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Sen. Tulfo seeks budget cut from DENR to fund procurement of National Children’s Hospital equipment

The National Children's Hospital in Quezon City
The National Children’s Hospital in Quezon City

SEN. Raffy Tulfo on Tuesday threatened to cut the annual budgetary allotment of the Department of Environment and Natural Resources (DENR) and channel part of it to the cash-starved National Children’s Hospital (NCH), a vital facility for sick children.

The senator moved to trim DENR’s budget, citing its alleged “failure to carry out some key mandates” under questioning during the period of amendments in the ongoing plenary deliberation on the proposed 2023 national budget bill.

Tulfo, in moving to raise the budget for NCH, reminded that the hospital facility serves children from the poorest families dealing with the most serious pediatric cases that is not receiving enough support from the government.

In his privileged speech on Monday, Tulfo divulged what he found to be an “appalling and heartbreaking situation” in the children’s hospital that, he said, “adversely affects its patients, such as its lack of manpower, below industry standard facilities, and outdated or lacking equipment.”

At the same time, the senator prodded the Department of Health (DOH), Department of Budget and Management (DBM) and “my esteemed colleagues to personally visit the hospital to witness its struggles firsthand.”

“Mr. President, the National Children’s Hospital, a health facility for the poorest and weakest, is in dire need of our help,” Tulfo pleaded, adding: “Kung paano naghihingalo ang mga pasyente doon, gayun din ang paghihingalo ng pasilidad at sitwasyon ng National Children’s Hospital.”

He added: “I invite you to visit this hospital para makita niyo kung gaano kalunus-lunos ang kalagayan ng mga pasyente doon. Nang makausap ko sila, wala daw pong bumibisita sa kanila na mga opisyal ng gobyerno. There is something wrong in the way they are treated and how the government handles them. They are not getting the help they must receive,” the senator lamented.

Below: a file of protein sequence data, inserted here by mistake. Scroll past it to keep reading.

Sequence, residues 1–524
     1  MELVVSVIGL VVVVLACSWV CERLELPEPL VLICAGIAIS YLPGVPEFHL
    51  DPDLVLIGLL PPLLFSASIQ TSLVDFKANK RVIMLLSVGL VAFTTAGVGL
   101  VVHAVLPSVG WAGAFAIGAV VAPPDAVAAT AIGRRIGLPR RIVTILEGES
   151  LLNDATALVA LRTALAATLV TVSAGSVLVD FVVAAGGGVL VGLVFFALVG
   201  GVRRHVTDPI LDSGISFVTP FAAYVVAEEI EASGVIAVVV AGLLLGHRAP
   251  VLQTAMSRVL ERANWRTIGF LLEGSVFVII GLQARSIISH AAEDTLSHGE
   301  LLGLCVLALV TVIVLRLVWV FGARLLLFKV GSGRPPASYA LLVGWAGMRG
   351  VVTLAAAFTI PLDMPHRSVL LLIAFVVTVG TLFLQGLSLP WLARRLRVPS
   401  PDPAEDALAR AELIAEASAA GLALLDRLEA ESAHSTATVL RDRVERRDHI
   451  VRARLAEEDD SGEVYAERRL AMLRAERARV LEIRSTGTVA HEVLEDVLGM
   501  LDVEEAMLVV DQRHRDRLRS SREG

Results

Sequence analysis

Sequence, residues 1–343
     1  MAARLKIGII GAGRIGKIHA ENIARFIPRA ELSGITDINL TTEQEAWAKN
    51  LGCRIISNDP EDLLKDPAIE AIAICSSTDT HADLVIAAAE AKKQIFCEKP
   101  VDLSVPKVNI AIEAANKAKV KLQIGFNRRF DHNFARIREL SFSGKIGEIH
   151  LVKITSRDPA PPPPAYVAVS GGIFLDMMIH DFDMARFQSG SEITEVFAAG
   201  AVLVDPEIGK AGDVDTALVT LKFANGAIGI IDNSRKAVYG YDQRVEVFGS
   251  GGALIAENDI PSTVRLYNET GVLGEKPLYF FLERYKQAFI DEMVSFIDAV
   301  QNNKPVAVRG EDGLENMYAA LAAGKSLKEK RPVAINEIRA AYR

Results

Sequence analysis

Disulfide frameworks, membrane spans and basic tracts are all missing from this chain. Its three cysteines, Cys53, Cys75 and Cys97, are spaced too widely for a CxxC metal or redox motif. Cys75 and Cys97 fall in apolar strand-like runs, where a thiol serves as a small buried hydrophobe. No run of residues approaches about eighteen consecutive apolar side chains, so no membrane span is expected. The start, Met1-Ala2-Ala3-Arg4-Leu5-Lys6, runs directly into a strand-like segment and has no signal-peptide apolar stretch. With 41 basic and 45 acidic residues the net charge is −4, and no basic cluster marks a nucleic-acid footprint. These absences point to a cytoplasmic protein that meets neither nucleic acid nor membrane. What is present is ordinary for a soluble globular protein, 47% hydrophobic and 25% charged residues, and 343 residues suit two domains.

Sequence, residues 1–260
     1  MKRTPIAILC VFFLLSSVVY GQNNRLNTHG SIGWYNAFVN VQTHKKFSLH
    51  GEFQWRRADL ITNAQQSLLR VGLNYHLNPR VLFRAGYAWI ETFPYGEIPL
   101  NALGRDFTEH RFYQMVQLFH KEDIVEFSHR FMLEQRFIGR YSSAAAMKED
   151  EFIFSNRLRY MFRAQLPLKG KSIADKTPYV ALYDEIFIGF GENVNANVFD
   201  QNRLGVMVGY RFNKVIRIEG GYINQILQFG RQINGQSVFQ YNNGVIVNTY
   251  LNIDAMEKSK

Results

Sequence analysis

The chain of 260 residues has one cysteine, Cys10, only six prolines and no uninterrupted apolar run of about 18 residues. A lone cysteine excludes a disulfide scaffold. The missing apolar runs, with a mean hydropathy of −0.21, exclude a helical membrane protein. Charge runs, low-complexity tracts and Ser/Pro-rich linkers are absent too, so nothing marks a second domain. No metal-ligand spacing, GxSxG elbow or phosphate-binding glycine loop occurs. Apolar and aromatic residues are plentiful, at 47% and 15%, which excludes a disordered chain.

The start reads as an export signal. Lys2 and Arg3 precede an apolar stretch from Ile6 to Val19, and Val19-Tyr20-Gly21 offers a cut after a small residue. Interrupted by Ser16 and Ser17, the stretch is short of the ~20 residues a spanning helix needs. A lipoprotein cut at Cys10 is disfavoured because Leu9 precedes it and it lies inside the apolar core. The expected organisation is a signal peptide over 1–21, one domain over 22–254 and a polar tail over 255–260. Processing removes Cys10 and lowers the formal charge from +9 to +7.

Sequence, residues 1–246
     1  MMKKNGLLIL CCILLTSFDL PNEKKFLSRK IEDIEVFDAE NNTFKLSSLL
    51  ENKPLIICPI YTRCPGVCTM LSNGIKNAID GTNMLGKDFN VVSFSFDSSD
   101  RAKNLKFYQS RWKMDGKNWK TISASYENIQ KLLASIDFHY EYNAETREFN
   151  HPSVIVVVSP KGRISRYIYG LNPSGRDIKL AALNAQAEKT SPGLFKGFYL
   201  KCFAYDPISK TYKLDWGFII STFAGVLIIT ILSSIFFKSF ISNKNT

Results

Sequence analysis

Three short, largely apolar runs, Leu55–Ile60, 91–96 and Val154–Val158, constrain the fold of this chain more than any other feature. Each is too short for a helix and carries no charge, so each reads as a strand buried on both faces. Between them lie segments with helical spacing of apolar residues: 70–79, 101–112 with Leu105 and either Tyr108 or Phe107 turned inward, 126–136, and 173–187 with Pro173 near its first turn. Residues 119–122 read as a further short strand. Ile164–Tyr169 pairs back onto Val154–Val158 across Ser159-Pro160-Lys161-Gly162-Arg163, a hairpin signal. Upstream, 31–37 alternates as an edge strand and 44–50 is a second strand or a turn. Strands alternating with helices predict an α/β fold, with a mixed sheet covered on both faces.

Moving to promptly remedy the dire situation, the Senator sought to augment the NCH budget by sourcing it from underperforming government agencies.

A veteran broadcaster doing public service prior to his election as senator, Tulfo shared how the situation in NCH has not improved through the years, lamenting, “in fact has even gotten worse.”

In his recent visit to said hospital, Tulfo shared that the suffering of children and sorrow of parents accompanying them are “visibly apparent on their faces as they were lined up in the hospital’s cramped, hot and humid hallway which only compounded to their sufferings.”

For instance, the senator cited one case in particular that broke his heart as Tulfo recalled seeing a six-year-old boy with stage 4 liver cancer having a hard time breathing even if he already had an oxygen tank assisting him.

Tulfo shared that he was told that the patient was just waiting for his time to go.

Further discussing the problems hounding the hospital due to lack of budget, Tulfo said that NCH could not handle the number of patients that comes to them. He said that there is a three-year waiting time for some of the therapies being offered to the patients including PT, OT, and Speech therapy.

Tulfo said the hospital’s building, meanwhile, is dilapidated and its sorry state cannot properly accommodate children.  He described: “May basag na bintana at plywood ang ipinangtatakip dito. There are not enough electric fans and no proper ventilation, and the windows have to be opened for fresh air. Sinabitan ng manipis na kurtina ang bintana marahil upang di makapasok ang mga lamok at alikabok!”

Moreover, the senator from Isabela and Davao shared that he noticed water stains from the hospital’s ceiling, which is a sign of water leak from the roof from the last rainfall.

Tulfo likewise recalled that the hospital’s therapy rooms are very small, which could not adequately accommodate children, thereby prompting doctors to instruct parents to just continue the therapy at home instead of having it two to three times a week at the hospital.

Image credits: Google Earth



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